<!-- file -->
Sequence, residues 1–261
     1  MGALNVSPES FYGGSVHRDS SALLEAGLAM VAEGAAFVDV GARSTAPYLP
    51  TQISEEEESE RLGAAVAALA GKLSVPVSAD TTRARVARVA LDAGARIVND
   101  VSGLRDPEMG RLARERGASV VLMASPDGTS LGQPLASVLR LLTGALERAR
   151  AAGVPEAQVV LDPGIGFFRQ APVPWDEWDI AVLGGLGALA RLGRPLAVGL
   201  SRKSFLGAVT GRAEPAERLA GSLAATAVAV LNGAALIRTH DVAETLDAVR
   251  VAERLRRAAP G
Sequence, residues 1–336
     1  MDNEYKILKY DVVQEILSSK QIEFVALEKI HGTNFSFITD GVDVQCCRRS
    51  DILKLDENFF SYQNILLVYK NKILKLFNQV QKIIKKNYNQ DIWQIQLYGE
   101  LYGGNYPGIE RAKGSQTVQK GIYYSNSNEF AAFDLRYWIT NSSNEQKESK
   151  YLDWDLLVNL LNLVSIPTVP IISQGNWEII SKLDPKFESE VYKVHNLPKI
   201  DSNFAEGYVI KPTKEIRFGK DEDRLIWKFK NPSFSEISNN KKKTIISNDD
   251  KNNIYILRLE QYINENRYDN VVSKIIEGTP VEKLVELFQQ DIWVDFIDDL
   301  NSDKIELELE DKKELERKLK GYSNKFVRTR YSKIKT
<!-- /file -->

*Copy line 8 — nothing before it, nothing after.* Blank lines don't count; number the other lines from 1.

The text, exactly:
Sequence, residues 1–336